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School choice expansion in Pennsylvania clears first hurdle

Democrats opposing GOP bill to increase funds for school choice by 25% annually.

Updated: June 8, 2021 - 7:53am

The Facts Inside Our Reporter’s Notebook

A proposal that expands Pennsylvania’s school choice programs cleared the first legislative hurdle on Monday, though its prospects of becoming law remain uncertain.

Senate Bill 1 advanced out of committee on a party-line vote after Democrats criticized the annual 25% growth rate the legislation authorizes for the state’s $185 million Educational Improvement Tax Credit and $55 million Opportunity Scholarship Tax Credit programs.

Education Committee Majority Chairman Scott Martin, R-Strasburg, said boosting funding for the credits will give an additional 40,000 students the ability to attend school outside of their home district.

“These represent tens of thousands of students that for whatever reason are looking for a different path, a better path, and are being turned away,” he said.

The programs offer businesses tax credits in exchange for donations that fund tuition for students opting out of their assigned public school. SB 1 would increase the size of the caps for the EITC to $300 million and the OSTC to $100 million, with automatic expansions of 25% each year.

It would also require charter schools to publicize their budgets and submit to annual audits. The Department of Education would be required to process charter renewal applications within 120 days, and decisions on approving new charters would transfer from the local district to a new legislative Public Charter School Commission.

“Different students learn in different ways,” Martin said. “We need an education system that acknowledges that and allows parents to put their children in the kind of environment that suits their needs and helps boost student achievement. The focus needs to be on the child, not on any one educational model.”

Sen. Lyndsey Williams, D-Allegheny, said although she supports the enhanced accountability measures for charters, she’s troubled by the sheer growth of the programs anticipated over the next 15 years and said it amounts to a “massive tax break” for corporations.

“With the automatic escalator that means these [programs] will grow to $8.5 billion in 15 years,” she said. “With no idea if money is getting to where to students need it the most.”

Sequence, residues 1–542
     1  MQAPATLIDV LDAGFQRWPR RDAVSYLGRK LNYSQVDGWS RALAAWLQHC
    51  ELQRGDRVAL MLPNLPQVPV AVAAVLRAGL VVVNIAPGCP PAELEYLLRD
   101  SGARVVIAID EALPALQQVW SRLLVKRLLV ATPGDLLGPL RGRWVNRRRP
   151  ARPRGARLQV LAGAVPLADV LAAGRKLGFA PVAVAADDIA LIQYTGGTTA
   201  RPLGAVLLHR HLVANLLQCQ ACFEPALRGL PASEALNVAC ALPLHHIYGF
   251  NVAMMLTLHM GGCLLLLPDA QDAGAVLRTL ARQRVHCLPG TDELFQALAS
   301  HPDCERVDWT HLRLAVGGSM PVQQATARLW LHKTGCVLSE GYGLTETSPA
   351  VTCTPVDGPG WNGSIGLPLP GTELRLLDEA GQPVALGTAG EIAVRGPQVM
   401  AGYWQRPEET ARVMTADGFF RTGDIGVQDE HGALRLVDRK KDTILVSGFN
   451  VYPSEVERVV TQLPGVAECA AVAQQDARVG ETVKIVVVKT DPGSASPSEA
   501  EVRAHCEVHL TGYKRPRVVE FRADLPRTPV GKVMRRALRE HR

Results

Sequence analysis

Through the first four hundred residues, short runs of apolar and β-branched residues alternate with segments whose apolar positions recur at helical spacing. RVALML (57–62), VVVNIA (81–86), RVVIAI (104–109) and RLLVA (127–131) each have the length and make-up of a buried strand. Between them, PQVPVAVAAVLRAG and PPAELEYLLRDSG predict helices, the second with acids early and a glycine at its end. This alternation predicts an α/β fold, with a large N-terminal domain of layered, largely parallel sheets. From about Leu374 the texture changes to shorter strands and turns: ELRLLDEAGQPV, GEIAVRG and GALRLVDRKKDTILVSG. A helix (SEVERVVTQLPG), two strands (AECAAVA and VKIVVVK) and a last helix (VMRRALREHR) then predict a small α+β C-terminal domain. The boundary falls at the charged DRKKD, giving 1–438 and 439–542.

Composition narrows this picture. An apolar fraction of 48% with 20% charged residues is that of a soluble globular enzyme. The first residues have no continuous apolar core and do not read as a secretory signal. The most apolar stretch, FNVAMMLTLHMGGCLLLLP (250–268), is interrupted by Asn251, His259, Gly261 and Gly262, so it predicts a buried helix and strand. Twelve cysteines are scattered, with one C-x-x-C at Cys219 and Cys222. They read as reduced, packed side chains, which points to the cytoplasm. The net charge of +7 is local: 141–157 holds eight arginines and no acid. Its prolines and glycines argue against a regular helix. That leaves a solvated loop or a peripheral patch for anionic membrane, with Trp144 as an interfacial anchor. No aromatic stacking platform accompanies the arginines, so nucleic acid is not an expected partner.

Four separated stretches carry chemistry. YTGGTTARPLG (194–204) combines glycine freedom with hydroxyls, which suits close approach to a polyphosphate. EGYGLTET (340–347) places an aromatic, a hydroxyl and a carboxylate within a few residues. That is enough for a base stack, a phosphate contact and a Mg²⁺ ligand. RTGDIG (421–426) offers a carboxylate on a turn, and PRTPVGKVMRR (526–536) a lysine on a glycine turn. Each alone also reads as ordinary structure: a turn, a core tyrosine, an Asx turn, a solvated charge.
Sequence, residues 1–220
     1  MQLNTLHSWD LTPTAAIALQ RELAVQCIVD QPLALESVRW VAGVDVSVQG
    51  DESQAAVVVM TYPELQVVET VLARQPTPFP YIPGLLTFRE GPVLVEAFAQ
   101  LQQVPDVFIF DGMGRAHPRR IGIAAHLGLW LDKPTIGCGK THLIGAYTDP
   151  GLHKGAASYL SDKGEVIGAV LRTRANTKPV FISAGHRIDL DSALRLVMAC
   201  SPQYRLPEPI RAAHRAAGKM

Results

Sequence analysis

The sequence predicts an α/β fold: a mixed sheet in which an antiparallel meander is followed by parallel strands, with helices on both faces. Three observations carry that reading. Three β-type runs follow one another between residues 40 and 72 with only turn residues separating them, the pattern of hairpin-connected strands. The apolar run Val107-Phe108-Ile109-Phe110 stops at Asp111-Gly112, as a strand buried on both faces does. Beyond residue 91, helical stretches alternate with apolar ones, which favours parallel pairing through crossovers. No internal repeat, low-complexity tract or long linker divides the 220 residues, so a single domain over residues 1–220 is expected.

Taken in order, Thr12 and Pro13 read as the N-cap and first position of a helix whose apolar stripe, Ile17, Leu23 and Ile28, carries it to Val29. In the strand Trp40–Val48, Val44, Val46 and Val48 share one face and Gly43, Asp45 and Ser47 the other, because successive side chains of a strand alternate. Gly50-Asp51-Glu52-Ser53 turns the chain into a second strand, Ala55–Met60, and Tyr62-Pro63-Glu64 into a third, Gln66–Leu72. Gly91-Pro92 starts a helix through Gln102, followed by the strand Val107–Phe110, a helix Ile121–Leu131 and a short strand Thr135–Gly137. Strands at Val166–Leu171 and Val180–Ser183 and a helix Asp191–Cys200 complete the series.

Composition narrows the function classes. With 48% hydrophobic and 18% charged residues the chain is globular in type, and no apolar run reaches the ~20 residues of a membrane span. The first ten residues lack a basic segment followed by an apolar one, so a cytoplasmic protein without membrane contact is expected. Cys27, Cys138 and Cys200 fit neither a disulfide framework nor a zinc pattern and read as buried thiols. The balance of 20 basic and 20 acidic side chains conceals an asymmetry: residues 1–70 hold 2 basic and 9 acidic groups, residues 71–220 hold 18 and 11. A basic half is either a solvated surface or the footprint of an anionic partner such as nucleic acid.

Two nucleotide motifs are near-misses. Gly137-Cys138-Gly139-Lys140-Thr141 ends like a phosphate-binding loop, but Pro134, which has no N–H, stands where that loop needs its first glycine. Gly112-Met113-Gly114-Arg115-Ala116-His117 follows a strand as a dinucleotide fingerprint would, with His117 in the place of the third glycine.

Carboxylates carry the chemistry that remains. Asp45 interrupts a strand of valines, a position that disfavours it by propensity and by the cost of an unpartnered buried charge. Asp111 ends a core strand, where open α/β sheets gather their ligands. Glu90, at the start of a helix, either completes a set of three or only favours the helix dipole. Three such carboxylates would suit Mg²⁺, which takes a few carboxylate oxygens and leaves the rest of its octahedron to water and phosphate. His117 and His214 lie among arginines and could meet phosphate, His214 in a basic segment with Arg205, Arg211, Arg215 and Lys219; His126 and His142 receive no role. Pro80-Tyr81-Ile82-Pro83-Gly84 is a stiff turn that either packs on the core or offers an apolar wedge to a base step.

She also criticized the proposed commission and said it was best left up to local school districts to approve new charter schools – a sentiment shared by the state’s largest teachers’ union, the Pennsylvania State Education Association.

“Charter school costs are rapidly becoming one of the largest single expenses for public schools,” said PSEA President Rich Askey. “That’s why decisions about approving charter schools need to be made by local school boards that are responsible for safeguarding their taxpayers’ money.”

He said districts paid more than $2.2 billion in charter tuition during the 2019-20 school year alone and argues that “more transparency, not less” is needed to ensure that money is spent on educating students.

“While public schools are lucky to get a funding increase on the order of 2% to 3% in any given year, this bill will give these tax break programs a whopping 68% increase next year and provide 25% increases each year after,” he said. “Within five years, these tax break programs would grow to nearly $1 billion, and in 10 years the cost would triple to $3 billion.”

The Commonwealth Foundation, a free market policy group, argued that public schools have seen a 28% growth in state funding since 2012 and have received the largest share of COVID-19 aid, so far.

“It is unfortunate to see teachers’ union leaders and taxpayer funded lobbyists – who benefit financially from the status quo – opposing these reforms,” said Nate Benefield, the foundation’s vice president. “We call on the Pa. General Assembly and the governor to see past this antagonism and join together in supporting what parents want for their children, rather than constraining them.”

Senate President Jake Corman, R-Bellefonte, said the demand “for options for kids and parents” supports the funding growth written into the proposal.

“It is the largest tax credit because it is popular and it is bipartisan and it’s giving kids the opportunity to go to schools that are best for them,” he said.

Gov. Tom Wolf has spent the last few weeks stumping for a revamp of the state’s charter school law that would redirect $395 million back into local districts. He said outdated notions of how to fund public schools means poorer communities must raise taxes at a disproportionate rate to cover charter tuition, while cutting programs for district students.

“Let’s create a level playing field here,” Wolf said during a news conference last week in Lancaster. “We are all in the business of taking taxpayer dollars to make students lives’ better.”

Critics argue that the governor’s proposed fixes – including setting a statewide cyber charter tuition rate and funneling special education dollars through an updated formula – cut $229 million from charter schools at a time when their enrollment has skyrocketed.

SB 1 doesn't address cyber tuition rates, and Wolf has not yet commented on the bill's other provisions. He's anticipated to speak alongside Democratic leaders about the education budget Tuesday morning.

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